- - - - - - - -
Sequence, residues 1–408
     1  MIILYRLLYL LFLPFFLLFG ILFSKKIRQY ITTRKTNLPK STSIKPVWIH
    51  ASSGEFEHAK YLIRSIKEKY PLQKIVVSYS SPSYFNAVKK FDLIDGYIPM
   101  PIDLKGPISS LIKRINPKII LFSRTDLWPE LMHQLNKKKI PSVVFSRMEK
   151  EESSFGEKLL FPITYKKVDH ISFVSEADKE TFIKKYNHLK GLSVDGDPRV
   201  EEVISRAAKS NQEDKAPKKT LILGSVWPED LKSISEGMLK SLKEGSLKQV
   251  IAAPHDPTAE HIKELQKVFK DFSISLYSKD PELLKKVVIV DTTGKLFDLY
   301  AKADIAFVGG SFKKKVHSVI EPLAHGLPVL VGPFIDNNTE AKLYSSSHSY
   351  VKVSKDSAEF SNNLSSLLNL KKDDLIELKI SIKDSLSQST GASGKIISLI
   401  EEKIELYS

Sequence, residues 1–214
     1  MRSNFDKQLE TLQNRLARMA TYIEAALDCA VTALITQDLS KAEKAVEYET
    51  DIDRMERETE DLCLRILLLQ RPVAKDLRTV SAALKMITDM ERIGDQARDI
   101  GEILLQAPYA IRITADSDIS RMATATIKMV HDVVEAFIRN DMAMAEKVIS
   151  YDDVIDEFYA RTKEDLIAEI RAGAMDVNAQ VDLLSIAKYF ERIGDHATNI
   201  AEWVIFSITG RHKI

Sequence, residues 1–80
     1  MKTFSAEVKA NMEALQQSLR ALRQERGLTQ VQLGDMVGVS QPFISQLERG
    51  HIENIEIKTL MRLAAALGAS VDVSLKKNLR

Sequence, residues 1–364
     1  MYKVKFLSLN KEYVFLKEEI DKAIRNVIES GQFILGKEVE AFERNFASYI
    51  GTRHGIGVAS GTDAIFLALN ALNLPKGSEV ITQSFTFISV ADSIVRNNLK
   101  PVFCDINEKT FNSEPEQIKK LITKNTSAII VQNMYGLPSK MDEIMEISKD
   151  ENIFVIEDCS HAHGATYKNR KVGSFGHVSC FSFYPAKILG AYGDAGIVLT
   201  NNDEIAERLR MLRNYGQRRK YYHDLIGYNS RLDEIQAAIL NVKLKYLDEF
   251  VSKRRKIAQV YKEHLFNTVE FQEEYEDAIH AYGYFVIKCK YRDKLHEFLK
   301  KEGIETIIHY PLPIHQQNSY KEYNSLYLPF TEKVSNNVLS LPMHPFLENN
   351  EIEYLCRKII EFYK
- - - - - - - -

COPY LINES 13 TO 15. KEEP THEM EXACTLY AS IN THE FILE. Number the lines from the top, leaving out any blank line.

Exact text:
    51  DIDRMERETE DLCLRILLLQ RPVAKDLRTV SAALKMITDM ERIGDQARDI
   101  GEILLQAPYA IRITADSDIS RMATATIKMV HDVVEAFIRN DMAMAEKVIS
   151  YDDVIDEFYA RTKEDLIAEI RAGAMDVNAQ VDLLSIAKYF ERIGDHATNI